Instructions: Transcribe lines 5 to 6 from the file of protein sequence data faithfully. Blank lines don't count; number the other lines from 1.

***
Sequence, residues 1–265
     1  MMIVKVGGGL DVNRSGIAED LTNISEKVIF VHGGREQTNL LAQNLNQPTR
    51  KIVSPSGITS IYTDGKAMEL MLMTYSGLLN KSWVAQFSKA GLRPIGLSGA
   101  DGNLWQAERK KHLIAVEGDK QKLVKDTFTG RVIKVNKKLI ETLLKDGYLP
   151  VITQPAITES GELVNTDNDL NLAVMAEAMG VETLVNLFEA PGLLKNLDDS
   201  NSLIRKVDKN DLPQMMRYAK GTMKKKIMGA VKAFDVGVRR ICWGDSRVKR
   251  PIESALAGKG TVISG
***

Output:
   151  VITQPAITES GELVNTDNDL NLAVMAEAMG VETLVNLFEA PGLLKNLDDS
   201  NSLIRKVDKN DLPQMMRYAK GTMKKKIMGA VKAFDVGVRR ICWGDSRVKR